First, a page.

values. If this number is bigger than 20% of the actual image we would say that the space is used already and maybe we found exactly that digit already.

The following is preprocessing the single digit like last time. We need to resize it into a 28x28 image but we want to keep the ratio, so we add some black lines, keep in mind, that the image is inverted at the moment, at the top,bottom or left and right.

```
rows,cols = gray.shape
compl_dif = abs(rows-cols)
half_Sm = compl_dif/2
half_Big = half_Sm if half_Sm*2 == compl_dif else half_Sm+1
if rows > cols:
gray = np.lib.pad(gray,((0,0),(half_Sm,half_Big)),'constant')
else:
gray = np.lib.pad(gray,((half_Sm,half_Big),(0,0)),'constant')
```

Here we need a smaller and a bigger half to have a quadratic image at the end.

And then we resize it to our 20x20 inner bounding box, add the black lines to get a 28x28 image and shift it using the center of mass.

```
gray = cv2.resize(gray, (20, 20))
gray = np.lib.pad(gray,((4,4),(4,4)),'constant')
shiftx,shifty = getBestShift(gray)
shifted = shift(gray,shiftx,shifty)
gray = shifted
```

To get our prediction we have to flatten the image and use values between `0`

and `1`

.

`flatten = gray.flatten() / 255.0`

To get our prediction we need the following tensorflow lines:

```
prediction = [tf.reduce_max(y),tf.argmax(y,1)[0]]
pred = sess.run(prediction, feed_dict={x: [flatten]})
print pred
```

The first value inside pred is the probability that the second value which represents our prediction is correct. Well the probability is meassured by our algorithm and is probably not that reliable.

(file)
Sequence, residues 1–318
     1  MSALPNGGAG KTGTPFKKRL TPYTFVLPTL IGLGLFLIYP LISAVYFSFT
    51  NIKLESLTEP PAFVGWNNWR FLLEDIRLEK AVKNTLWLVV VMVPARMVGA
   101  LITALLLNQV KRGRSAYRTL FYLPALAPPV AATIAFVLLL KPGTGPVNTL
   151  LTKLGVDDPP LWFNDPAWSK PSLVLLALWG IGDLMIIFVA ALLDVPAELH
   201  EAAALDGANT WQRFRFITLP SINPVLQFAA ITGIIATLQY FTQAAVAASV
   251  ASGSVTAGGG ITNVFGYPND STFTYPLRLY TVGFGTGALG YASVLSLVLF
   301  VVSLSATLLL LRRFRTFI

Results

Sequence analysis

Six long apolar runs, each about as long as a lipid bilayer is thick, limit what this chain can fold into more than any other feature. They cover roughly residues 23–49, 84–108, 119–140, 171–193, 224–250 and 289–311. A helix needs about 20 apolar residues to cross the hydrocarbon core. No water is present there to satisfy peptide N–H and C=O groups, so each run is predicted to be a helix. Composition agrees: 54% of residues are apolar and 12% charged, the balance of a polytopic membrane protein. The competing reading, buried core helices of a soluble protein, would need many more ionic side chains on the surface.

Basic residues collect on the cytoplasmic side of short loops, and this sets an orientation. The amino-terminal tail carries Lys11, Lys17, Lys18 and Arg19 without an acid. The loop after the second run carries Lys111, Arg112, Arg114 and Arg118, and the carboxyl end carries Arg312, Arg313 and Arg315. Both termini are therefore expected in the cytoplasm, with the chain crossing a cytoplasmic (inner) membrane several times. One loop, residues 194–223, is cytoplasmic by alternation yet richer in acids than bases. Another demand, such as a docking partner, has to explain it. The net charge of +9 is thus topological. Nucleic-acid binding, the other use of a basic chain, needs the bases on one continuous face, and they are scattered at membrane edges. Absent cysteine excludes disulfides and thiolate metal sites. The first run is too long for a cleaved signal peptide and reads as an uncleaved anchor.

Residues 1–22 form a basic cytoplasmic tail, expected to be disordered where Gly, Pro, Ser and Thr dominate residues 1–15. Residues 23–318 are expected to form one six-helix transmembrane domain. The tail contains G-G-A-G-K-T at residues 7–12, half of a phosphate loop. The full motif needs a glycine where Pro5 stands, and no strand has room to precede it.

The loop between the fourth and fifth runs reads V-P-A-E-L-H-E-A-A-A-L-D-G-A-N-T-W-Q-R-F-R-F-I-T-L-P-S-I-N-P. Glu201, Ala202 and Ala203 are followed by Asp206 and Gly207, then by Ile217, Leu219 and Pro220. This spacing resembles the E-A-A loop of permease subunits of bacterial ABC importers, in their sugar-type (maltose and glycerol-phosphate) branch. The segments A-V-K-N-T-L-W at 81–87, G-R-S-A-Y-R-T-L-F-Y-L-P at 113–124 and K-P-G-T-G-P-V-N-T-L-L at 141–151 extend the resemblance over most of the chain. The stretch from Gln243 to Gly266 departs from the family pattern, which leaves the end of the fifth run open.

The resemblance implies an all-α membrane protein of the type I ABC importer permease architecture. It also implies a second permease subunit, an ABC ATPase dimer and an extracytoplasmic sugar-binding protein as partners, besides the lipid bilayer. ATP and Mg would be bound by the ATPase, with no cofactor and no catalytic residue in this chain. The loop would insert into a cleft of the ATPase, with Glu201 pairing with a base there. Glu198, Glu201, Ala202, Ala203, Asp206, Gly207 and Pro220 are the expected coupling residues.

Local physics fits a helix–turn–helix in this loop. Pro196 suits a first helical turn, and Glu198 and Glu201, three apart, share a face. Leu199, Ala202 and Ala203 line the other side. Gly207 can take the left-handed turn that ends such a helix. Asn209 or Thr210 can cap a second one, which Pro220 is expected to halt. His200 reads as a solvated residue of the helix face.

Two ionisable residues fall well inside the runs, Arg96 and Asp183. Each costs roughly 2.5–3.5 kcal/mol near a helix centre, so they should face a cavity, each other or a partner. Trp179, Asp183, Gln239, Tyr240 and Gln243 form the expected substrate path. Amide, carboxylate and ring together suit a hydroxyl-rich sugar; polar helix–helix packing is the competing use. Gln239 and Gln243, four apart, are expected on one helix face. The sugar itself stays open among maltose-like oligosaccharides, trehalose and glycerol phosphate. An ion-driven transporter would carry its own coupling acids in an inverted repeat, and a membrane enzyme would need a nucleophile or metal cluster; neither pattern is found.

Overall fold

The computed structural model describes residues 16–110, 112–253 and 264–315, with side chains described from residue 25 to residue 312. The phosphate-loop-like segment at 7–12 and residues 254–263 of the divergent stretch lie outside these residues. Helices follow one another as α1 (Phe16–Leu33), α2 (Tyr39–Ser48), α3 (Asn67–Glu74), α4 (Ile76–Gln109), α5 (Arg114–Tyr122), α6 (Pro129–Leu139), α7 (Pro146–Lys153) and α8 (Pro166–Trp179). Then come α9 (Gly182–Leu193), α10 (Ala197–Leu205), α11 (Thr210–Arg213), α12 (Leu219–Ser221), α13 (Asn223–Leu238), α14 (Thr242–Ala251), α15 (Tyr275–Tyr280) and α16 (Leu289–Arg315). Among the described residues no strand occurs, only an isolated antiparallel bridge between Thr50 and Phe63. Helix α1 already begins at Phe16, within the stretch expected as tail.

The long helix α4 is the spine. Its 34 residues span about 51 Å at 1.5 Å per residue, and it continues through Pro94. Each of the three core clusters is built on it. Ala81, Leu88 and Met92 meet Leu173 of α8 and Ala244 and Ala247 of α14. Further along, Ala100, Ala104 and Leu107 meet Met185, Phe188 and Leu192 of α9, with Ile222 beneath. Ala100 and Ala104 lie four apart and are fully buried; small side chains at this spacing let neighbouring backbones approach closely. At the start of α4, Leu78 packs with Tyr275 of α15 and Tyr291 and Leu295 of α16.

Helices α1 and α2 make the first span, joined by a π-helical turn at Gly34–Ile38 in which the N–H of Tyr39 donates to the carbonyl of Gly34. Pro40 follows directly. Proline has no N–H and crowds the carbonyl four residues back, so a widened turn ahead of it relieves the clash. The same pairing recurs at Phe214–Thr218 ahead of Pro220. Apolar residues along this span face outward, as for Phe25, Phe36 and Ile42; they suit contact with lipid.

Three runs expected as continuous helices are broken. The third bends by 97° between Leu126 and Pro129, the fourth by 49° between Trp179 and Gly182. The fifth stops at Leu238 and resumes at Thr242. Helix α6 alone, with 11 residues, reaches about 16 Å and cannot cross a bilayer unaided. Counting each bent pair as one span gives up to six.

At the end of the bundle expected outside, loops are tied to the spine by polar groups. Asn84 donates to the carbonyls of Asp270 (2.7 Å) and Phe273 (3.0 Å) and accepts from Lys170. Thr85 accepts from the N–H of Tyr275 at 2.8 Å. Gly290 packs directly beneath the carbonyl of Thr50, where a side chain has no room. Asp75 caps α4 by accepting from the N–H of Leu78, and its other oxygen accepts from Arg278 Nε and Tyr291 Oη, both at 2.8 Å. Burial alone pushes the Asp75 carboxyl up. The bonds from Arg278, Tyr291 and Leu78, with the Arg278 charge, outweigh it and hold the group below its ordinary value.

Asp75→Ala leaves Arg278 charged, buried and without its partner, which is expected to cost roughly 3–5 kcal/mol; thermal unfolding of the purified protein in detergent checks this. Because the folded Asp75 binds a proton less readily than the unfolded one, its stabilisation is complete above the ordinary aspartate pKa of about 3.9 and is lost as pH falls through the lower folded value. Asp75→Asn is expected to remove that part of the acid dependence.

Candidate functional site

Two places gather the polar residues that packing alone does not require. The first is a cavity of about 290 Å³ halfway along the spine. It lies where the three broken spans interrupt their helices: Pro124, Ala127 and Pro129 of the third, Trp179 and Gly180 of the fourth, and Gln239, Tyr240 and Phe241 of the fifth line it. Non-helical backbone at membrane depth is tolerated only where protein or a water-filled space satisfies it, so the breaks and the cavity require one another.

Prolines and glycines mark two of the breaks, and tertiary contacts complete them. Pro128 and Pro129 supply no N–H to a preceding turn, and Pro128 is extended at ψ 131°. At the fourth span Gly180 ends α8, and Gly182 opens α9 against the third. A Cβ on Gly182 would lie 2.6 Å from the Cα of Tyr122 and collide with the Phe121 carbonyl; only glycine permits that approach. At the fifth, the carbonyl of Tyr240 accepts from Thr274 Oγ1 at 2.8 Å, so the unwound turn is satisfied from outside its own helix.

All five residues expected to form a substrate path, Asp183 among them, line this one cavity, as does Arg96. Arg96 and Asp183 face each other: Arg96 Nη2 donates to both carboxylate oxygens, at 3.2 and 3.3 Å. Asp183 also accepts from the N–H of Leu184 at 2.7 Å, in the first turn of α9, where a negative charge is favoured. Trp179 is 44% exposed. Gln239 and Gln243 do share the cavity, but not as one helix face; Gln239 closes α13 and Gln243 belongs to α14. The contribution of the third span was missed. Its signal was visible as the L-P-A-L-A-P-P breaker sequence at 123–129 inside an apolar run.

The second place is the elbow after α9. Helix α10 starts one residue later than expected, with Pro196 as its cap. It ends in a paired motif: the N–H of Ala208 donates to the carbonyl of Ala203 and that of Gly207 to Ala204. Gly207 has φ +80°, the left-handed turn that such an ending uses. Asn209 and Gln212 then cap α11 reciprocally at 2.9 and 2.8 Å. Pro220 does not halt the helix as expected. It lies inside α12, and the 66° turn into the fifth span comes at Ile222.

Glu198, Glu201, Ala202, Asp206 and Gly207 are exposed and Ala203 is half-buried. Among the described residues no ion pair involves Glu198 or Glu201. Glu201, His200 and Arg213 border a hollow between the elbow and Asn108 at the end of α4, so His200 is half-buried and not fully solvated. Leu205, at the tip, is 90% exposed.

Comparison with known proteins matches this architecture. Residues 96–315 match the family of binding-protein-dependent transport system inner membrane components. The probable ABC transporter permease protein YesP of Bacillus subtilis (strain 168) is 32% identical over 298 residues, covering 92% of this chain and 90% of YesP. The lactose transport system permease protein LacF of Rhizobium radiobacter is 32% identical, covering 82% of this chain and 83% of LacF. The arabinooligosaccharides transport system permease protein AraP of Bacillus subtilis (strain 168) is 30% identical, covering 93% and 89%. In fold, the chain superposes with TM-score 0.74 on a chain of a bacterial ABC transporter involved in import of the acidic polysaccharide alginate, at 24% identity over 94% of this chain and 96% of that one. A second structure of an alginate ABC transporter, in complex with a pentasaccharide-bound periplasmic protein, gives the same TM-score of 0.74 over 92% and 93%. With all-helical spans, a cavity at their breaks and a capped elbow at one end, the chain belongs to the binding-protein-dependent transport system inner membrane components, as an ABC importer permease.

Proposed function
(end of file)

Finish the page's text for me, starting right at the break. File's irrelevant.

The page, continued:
At the top of our nested lopps we used our `digit_image`

array, now it's time to fill it with some value, because we now found a digit:

`digit_image[top_left[0]:bottom_right[0],top_left[1]:bottom_right[1]] = pred[1]`

Okay actually not a digit but just some points on a white paper but we think, that it is a digit.

Let's add our green border and our prediction to our original image:

```
cv2.rectangle(color_complete,tuple(top_left[::-1]),tuple(bottom_right[::-1]),color=(0,255,0),thickness=5)
font = cv2.FONT_HERSHEY_SIMPLEX
# digit we predicted
cv2.putText(color_complete,str(pred[1]),(top_left[1],bottom_right[0]+50),
font,fontScale=1.4,color=(0,255,0),thickness=4)
# percentage
cv2.putText(color_complete,format(pred[0]*100,".1f")+"%",(top_left[1]+30,bottom_right[0]+60),
font,fontScale=0.8,color=(0,255,0),thickness=2)
```

**After** the loops we now want to save our image:

`cv2.imwrite("pro-img/digitized_image.png", color_complete)`

How good is our approach? First of all it's pretty simple. We can't work with all sizes of digits because our cropped width are defined inside the code.

But if that's no problem a big one is, that the blank sheet of paper should only contain numbers.

To avoid this we would need a different neural net which can tell us, if the cropped part of an image contains a number or not. Something like counter examples for MNIST. Then we can add them to our training examples and add another value `11`

which represents not a digit (short NaD :D). If our prediction has his maximum value on that eleventh value we can ignore it.

You can download all the code on my OpenSourcES GitHub repo.

**New entry on MNIST** Improve using your own handwritten digits

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© Ole Kröger. Last modified: June 07, 2020. Website built with Franklin.jl.